By on July 3, 2008

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In the nineteen-eighties, Ford CEO Donald E. Petersen's recipe to save Ford from near-bankruptcy was "higher quality products… emphasizing smaller, more efficient cars." It worked, propelling Ford past Chevrolet to world-record profits. Current CEO Allan Mulally is banking on essentially the same ingredients: de-emphasize trucks and rejuvenate the car palette with global platforms largely designed in Europe. Ford's future, perhaps its very existence, is riding on it. Is the recipe still golden?

Ford's strategy is essentially defensive, conservative and obvious. The big truck/SUV paradigm that propelled Ford to outsized profits in the nineties is broken. Ford neglected its car lines, and never bothered to learn how to produce small cars profitably. It became distracted with Jaguar and the ill-fated Premium Auto Group (PAG), at the expense of Lincoln. Quality gains unraveled with disastrous transmission and head gasket problems. And the foresighted "world car" platform plans, beginning with the 1980 Escort, were unraveled by corporate fiefdoms running amok. The result was a Balkanization of car platforms.

Centralizing development and unifying Ford's global car line-up is a necessary and essential move fordward, but it's hardly a "Bold Move." There's no guarantee that the cars will be hits.

Ford's handsome new Mondeo is already in trouble in Europe, selling at lower volumes than its predecessor. Every time Ford (and Opel) attempts to go upscale in Europe, they run into a glass ceiling, where the premium brands aggressively shove downwards with their own smaller models. Ford's global Focus and Fiesta are attractive and competitive products. But expectations for their success stateside may be inflated. In the Euro-zone, the Astra is a credible competitor to the Euro-Focus and VW Golf. Setting aside questions about profitability, the imported Astra's hardly setting the U.S. market on fire.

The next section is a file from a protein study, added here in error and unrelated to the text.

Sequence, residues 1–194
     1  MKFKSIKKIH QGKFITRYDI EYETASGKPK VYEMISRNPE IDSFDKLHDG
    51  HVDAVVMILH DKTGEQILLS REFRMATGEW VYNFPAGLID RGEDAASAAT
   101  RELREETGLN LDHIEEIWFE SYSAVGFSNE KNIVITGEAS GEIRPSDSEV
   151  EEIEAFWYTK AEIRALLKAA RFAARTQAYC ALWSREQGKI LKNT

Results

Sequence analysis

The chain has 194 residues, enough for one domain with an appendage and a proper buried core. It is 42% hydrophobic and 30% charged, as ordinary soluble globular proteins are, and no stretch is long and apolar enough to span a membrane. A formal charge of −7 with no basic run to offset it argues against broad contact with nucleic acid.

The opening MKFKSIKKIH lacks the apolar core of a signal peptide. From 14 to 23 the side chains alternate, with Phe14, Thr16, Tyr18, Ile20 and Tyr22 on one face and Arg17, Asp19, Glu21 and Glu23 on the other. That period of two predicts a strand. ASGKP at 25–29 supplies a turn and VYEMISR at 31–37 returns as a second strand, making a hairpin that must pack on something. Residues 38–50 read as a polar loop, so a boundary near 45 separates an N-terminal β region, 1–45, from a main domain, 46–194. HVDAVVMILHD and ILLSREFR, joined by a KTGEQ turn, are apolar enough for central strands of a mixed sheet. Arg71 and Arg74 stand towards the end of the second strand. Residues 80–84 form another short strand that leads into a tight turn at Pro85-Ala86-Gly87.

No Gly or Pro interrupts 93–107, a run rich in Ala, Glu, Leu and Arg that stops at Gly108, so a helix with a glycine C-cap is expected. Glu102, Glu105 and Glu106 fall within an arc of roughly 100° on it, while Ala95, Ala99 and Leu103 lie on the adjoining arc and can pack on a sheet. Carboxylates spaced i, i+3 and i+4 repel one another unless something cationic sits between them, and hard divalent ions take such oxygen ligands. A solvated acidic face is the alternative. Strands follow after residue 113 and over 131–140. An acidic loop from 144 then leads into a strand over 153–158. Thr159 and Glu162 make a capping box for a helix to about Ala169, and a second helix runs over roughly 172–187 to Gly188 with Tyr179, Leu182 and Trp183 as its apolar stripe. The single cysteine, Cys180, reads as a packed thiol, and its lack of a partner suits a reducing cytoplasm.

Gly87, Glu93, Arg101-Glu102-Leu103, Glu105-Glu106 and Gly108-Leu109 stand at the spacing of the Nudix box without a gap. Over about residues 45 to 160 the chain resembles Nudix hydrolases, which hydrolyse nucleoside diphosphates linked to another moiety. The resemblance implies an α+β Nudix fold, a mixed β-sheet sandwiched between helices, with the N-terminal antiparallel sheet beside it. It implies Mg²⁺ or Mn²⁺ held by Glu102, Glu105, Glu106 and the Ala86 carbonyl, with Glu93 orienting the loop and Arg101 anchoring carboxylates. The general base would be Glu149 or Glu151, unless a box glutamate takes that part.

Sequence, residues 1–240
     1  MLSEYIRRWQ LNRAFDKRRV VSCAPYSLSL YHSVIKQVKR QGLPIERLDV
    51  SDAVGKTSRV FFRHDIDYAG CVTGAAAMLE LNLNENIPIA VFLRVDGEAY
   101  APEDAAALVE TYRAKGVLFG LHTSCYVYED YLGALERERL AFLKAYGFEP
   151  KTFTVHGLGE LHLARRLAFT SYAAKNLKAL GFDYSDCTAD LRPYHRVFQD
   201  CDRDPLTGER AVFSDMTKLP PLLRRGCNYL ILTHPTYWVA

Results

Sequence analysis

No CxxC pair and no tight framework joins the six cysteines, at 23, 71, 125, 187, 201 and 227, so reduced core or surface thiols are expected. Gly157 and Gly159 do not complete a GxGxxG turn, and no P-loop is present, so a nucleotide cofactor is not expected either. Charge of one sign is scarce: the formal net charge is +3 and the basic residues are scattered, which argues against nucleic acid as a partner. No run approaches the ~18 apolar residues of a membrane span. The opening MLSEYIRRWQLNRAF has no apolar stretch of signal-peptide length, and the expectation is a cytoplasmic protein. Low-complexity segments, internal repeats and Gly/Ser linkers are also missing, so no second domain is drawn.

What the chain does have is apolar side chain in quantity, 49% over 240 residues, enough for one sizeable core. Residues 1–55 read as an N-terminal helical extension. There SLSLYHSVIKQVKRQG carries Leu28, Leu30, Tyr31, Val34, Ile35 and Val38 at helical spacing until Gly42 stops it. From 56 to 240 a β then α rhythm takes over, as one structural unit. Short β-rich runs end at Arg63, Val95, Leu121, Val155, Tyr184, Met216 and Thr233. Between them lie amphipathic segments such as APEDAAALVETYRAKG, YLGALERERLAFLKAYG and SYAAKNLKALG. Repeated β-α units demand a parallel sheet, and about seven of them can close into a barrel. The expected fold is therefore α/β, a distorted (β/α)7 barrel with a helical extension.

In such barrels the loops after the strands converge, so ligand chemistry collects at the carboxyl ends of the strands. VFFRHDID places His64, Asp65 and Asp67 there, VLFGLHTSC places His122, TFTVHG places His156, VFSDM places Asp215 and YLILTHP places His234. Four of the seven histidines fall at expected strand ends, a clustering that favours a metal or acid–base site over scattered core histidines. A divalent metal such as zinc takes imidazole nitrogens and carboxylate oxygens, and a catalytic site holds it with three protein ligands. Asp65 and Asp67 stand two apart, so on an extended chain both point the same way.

The same forces shrinking Ford's market share in Europe are increasingly at work here. Whereas in the eighties Mercedes and BMW were decidedly upscale, they too are pushing downwards, along with Audi, Lexus and Infiniti. And that's just the premium brands putting on the squeeze from above, keeping potential profit margins for Ford-brand vehicles in the thin end of the wedge.

In terms of direct competition, 1981 looks positively idyllic compared to 2008. In the eighties, the Japanese were limiting imports voluntarily. The Koreans were where the Chinese are today: just getting warmed-up for the attack on the U.S. market.

Ford has no realistic hope of recreating the 20+ percent share of the passenger car market in the eighties. Those days are gone, forever. The volume-brand market is fragmenting dramatically. The advantage accumulated by Toyota and Honda is staggering. Ironically, their top-selling Camry and Accord are not global cars, but targeted US models. The tables have turned, and Ford is taking on the role of an "import.. But the solidly entrenched transplants are not going down easily like Ford and GM once did.

The best Ford can hope for is to hang on to its current share, trying desperately to offset its shrinking truck and SUV sales. And the thin profits from smaller cars are going to be a big let-down from the $10+k per vehicle Ford once minted with its trucks and SUV's.